Iowa Secretary of Agriculture Mike Naig commented today on the Iowa Crop Progress and Condition Report released by the USDA National Agricultural Statistics Service. The report is released weekly April through November. Additionally, the Iowa Department of Agriculture and Land Stewardship provides a weather summary each week during this time.
“Although areas of Iowa received some rain over the weekend, persistent dryness and expanding drought continue to dominate,” said Secretary Naig. “Hot temperatures and a lack of rain have produced varying crop conditions, which may lead some farmers in pockets of the state to start harvesting earlier than usual.”
The weekly report is also available on the USDA’s website at nass.usda.gov.
Another week of above average temperatures and below average precipitation resulted in 6.5 days suitable for fieldwork for Iowa farmers during the week ending September 10, 2023, according to the USDA, National Agricultural Statistics Service. Field activities included chopping corn silage as well as cutting and baling hay. A few reports of corn and soybean harvest were received.
Topsoil moisture condition rated 37 percent very short, 42 percent short, 21 percent adequate and 0 percent surplus. Subsoil moisture condition rated 35 percent very short, 43 percent short, 21 percent adequate and 1 percent surplus.
Corn in the dent stage or beyond was 90 percent this week, 6 days ahead of last year and 8 days ahead of the 5-year average. Thirty-eight percent of the State’s corn crop has reached maturity, 1 week ahead of last year and 6 days ahead of normal. Corn condition declined 3 percentage points to 46 percent good to excellent. Soybeans coloring or beyond reached 67 percent, 6 days ahead of last year and 5 days ahead of the average. Soybeans dropping leaves was 25 percent this week, 1 week ahead of last year and 3 days ahead of normal. Soybean condition fell 5 percentage points to 44 percent good to excellent.
The State’s third cutting of alfalfa hay reached 98 percent complete, 15 days ahead of last year and roughly 3 weeks ahead of the average. Pasture condition rated just 15 percent good to excellent. Getting water to livestock was a challenge for producers this week, with reports of some producers selling livestock due to lack of water and having to feed hay.
Provided by Justin Glisan, Ph.D., State Climatologist, Iowa Department of Agriculture and Land Stewardship
Unseasonable warmth early in the reporting period gave way to more seasonal temperatures through the end of the week, along with some chilly overnight lows; the statewide average temperature was 69.3 degrees, 1.5 degrees above normal. Rainfall was again sparse with widespread deficits of over 0.50 inch across much of Iowa, though the northeast registered near-normal totals.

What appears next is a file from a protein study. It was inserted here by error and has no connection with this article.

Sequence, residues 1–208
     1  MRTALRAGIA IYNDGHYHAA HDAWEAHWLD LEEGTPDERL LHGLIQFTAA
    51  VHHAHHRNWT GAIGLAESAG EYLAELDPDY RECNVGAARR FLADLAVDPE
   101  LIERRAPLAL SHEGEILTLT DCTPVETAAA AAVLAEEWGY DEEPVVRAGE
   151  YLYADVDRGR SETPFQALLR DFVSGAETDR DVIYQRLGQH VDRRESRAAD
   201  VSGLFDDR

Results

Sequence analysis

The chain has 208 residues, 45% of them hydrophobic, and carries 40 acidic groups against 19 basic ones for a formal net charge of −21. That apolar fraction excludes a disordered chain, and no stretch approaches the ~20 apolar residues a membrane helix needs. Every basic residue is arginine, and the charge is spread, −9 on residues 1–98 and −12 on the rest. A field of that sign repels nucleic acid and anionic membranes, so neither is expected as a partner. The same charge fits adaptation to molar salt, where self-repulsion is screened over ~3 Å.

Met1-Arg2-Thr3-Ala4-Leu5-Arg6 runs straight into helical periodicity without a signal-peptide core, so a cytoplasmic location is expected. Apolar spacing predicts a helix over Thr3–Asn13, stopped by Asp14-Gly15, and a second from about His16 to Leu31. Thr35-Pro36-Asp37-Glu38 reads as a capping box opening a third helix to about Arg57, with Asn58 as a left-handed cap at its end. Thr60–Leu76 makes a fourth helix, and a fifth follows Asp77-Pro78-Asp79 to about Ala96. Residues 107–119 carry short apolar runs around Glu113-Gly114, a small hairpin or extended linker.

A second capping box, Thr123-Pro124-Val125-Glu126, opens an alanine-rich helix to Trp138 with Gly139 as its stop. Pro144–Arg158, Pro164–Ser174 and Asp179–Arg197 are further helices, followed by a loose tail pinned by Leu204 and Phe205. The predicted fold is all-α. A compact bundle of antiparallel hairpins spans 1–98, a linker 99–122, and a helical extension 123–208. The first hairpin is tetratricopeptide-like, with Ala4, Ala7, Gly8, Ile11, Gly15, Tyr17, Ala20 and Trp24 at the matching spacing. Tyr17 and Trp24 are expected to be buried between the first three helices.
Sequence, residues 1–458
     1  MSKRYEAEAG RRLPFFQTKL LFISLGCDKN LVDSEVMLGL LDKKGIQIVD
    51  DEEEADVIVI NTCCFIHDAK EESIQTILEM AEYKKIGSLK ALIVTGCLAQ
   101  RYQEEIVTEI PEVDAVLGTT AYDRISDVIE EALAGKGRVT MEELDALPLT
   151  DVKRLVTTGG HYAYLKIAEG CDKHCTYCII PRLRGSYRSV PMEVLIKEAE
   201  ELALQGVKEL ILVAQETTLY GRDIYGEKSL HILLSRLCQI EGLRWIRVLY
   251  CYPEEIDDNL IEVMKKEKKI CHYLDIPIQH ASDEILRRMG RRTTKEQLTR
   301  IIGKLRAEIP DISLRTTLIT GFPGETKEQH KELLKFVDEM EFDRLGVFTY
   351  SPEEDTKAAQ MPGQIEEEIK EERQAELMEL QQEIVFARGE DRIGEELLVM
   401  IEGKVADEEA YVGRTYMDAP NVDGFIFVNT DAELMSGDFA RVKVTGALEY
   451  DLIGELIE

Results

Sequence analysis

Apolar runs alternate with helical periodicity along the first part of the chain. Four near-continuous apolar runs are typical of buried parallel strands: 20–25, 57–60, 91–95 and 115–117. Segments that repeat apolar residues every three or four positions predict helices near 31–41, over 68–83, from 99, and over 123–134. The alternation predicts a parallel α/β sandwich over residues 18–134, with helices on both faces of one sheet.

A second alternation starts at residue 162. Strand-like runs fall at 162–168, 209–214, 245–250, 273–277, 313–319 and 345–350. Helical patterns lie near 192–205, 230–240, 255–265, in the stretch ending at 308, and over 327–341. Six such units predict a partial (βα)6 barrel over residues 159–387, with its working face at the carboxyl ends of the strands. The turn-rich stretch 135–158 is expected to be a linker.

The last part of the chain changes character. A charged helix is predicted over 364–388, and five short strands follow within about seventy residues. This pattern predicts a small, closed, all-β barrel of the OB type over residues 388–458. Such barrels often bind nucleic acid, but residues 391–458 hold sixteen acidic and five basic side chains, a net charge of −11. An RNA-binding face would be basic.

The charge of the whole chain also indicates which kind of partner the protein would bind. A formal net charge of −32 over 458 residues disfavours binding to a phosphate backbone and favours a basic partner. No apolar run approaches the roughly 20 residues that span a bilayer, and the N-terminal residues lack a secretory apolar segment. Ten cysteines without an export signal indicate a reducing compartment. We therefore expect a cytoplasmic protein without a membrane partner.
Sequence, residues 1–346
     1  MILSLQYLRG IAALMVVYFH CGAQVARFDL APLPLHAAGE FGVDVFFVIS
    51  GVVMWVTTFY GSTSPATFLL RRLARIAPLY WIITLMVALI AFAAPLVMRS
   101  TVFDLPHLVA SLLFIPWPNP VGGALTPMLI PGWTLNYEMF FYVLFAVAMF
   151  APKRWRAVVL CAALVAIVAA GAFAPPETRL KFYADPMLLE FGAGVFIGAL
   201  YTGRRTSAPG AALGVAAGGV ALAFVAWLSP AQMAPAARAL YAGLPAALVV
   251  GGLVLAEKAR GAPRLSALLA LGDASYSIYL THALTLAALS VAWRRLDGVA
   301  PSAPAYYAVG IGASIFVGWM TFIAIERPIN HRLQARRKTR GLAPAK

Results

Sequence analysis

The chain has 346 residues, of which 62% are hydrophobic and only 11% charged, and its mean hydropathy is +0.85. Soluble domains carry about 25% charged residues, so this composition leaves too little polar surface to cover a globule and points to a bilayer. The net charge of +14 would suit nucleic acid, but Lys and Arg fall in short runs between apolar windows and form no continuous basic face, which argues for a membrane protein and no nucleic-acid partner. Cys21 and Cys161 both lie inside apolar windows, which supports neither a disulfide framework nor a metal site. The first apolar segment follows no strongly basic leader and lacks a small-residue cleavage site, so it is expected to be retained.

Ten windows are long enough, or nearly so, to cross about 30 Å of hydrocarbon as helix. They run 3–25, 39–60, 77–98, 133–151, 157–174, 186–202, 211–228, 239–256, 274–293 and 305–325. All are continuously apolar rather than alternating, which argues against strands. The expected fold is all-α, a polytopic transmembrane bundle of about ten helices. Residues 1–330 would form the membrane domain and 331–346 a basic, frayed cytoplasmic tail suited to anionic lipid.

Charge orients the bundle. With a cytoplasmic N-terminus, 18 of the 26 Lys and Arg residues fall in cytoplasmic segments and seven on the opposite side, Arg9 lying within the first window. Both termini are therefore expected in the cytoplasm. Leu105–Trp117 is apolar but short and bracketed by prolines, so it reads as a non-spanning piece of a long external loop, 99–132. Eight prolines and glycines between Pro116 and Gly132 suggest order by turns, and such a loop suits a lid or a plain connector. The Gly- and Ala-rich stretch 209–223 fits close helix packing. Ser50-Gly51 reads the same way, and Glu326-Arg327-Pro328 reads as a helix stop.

Hot and dry conditions greeted Iowans on Sunday (3rd) afternoon with clear skies and temperatures in the mid to upper 90s at many stations; the statewide average high was 95 degrees, 15 degrees above normal. Southerly winds into Monday (4th) held morning lows in the mid to upper 60s with several low 70-degree readings southeast. Isolated clouds moved through eastern Iowa as afternoon highs lingered in the low to mid 90s. A weak cold front brought scattered light showers to far southwestern Iowa overnight into Tuesday (5th), though totals varied from a trace at a handful of stations to 0.08 inch at Logan (Harrison County). A stronger complex of thundershowers formed in southeastern Iowa through the late morning hours before dissipating around noon. Rainfall totals ranged from 0.12 inch at Salem (Henry County) to 0.43 inch in Burlington (Des Moines County). Additional thunderstorms formed in northeastern Iowa just before midnight and into the early morning hours on Wednesday (6th), producing a county-wide swath of 0.25- to 0.75-inch totals from Black Hawk to Dubuque County; Stanley (Buchanan County) measured 0.26 inch while Manchester (Delaware County) collected 0.74 inch. Winds shifted to the northwest as morning lows bottomed out in the low to mid 60s under overcast skies. Clouds cleared west to east into the afternoon hours as wildfire smoke filtered in behind the system. Daytime highs were comfortable, sitting in the upper 60s and low 70s along with gusty northwesterly winds.
Generally calm winds and clear skies led to colder overnight conditions as well as fog in western Iowa where temperatures fell into the low to mid 40s on Thursday (7th) morning. Temperatures rose into the low to mid 70s into the afternoon hours as cloud cover persisted in eastern Iowa. Daytime conditions were similar on Friday (8th) with near-seasonal temperatures in the upper 70s and low 80s under sunshine. Showers pushed across Iowa’s southwest corner just after midnight on Saturday (9th) with general totals under 0.10 inch with Sidney (Fremont County) collecting 0.13 inch. Scattered showers pushed across northern Iowa through the day, dissipating into the evening hours as temperatures warmed into the upper 70s with variable winds. A more concentrated area of showers and a few thunderstorms crossed into northwestern Iowa early Sunday (10th) morning ahead of a larger-scale weather disturbance. Measurable totals were observed at several stations with Mapleton (Monona County) hitting 0.23 inch while 0.32 inch was reported at Remsen (Plymouth County).
Weekly precipitation totals ranged from no accumulation at many Iowa stations to 1.10 inches at Dubuque Lock and Dam (Dubuque County). The statewide weekly average precipitation was 0.07 inch while the normal is 0.84 inch. Waterloo Municipal Airport (Black Hawk County) reported the week’s high temperature of 100 degrees on the 3rd and 4th, with Algona (Kossuth County) joining on the 3rd. This reading was on average 20 degrees above normal. Fayette (Fayette County) reported the week’s low temperature of 35 degrees on the 8th, 16 degrees below normal.